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quote:
Originally posted by romanlion:
quote:
Originally posted by mr cheesy:

Are there any good reasons for protection of these symbols or is it simply about different cultural norms and attitudes?

I once saw two grown (albeit quite drunk) men have a serious and violent go at each other over the honor of the gold Chevrolet bow-tie versus the blue Ford oval...absolute insanity.

To me the flag thing is something like that...

lol It's Ford v Holden in this country...

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RuthW

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quote:
without mentioning the USA or Trump
Why?
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mr cheesy
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quote:
Originally posted by RuthW:
quote:
without mentioning the USA or Trump
Why?
Well, I thought it had potential for becoming a Pond War. And there are other threads to rage against the WH.

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arse

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Amanda B. Reckondwythe

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Love of one's country (the motherland, the fatherland, whatever you want to call it) and the noble sentiments it stands for is an honorable thing to do.

That does not mean that the "noble sentiments it stands for" are all noble, or all worthy of honor, in everyone's eyes. Some (one could say all) need examination; some could perhaps stand correction.

Refusing to respect the flag is tantamount to giving up on one's country, turning one's back on it, saying, "This is not my country."

However, showing respect for the flag (and, by extension, the country) in a way different from how it is shown by those with whose opinions you disagree, those whose opinions are, in your judgment, not worthy of respect and cry out for examination, is the complete opposite of refusal to respect.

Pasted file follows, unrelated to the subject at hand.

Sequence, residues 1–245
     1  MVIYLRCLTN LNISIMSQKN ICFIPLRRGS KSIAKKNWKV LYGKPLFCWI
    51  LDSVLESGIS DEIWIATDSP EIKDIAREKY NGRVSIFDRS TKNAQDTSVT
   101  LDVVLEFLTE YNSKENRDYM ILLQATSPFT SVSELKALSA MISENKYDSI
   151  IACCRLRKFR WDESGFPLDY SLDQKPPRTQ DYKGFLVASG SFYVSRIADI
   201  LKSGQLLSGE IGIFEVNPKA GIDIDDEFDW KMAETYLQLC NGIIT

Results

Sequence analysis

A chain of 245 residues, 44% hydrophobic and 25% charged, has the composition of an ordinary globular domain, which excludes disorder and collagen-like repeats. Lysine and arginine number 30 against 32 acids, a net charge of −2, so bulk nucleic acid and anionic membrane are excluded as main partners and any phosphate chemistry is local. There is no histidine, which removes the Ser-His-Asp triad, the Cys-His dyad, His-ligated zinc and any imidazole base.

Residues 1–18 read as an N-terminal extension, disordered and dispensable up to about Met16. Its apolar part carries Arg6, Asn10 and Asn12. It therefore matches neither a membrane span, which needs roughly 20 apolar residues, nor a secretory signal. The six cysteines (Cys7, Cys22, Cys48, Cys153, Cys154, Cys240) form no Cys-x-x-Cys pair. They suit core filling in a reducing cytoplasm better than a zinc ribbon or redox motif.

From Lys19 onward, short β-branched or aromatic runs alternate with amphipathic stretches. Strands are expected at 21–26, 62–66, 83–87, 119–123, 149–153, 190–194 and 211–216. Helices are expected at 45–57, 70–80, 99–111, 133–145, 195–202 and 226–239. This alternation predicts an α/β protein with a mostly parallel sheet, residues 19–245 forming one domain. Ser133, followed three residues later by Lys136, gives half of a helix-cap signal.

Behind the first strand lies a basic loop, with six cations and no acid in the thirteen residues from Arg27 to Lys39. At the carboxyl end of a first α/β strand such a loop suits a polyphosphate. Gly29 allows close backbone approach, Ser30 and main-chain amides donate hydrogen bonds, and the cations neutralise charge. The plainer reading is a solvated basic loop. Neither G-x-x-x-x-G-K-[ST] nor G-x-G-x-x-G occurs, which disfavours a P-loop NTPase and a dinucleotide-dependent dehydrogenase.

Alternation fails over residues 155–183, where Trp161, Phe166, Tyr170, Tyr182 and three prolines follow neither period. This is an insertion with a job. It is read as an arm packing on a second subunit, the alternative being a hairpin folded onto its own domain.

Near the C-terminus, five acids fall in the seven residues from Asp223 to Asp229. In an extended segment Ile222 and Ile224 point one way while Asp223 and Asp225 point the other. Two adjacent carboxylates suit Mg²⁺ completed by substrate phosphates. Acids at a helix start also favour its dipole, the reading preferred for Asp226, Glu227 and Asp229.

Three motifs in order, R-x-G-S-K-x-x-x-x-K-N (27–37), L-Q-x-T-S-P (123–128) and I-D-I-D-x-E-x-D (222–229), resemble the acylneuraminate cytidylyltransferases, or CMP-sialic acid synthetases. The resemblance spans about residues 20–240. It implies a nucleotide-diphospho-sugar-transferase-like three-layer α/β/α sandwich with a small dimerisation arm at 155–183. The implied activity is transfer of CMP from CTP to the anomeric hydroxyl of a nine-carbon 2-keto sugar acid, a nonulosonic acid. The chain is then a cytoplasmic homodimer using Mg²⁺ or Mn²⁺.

Since time immemorial, bending the knee has been interpreted as a sign of greatest respect and admiration -- else what was St. Paul up to in Philippians 2:10?

Indeed, it could be argued (and I do argue) that to bend the knee to the flag and the National Anthem shows greater respect and greater love for one's country than that shown by those who stand robot-like for them without thought as to what they are standing for and whether or not those tenets are noble or honorable.

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Marvin the Martian

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quote:
Originally posted by Amanda B. Reckondwythe:
Refusing to respect the flag is tantamount to giving up on one's country, turning one's back on it, saying, "This is not my country."

This must be a pond difference, because the only thing I can think to say in response is "no it bloody isn't".

I don't even have any reasons why it isn't. The union flag just doesn't hold that sort of position in our culture. And even if it ever did, this moment was when it ended.

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Hail Gallaxhar

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simontoad
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quote:
Originally posted by Amanda B. Reckondwythe:
Love of one's country (the motherland, the fatherland, whatever you want to call it) and the noble sentiments it stands for is an honorable thing to do.

That does not mean that the "noble sentiments it stands for" are all noble, or all worthy of honor, in everyone's eyes. Some (one could say all) need examination; some could perhaps stand correction.

Refusing to respect the flag is tantamount to giving up on one's country, turning one's back on it, saying, "This is not my country."

However, showing respect for the flag (and, by extension, the country) in a way different from how it is shown by those with whose opinions you disagree, those whose opinions are, in your judgment, not worthy of respect and cry out for examination, is the complete opposite of refusal to respect.

Since time immemorial, bending the knee has been interpreted as a sign of greatest respect and admiration -- else what was St. Paul up to in Philippians 2:10?

Indeed, it could be argued (and I do argue) that to bend the knee to the flag and the National Anthem shows greater respect and greater love for one's country than that shown by those who stand robot-like for them without thought as to what they are standing for and whether or not those tenets are noble or honorable.

I get that point of view. There are many in Australia who share it, including me. But I don't think it's a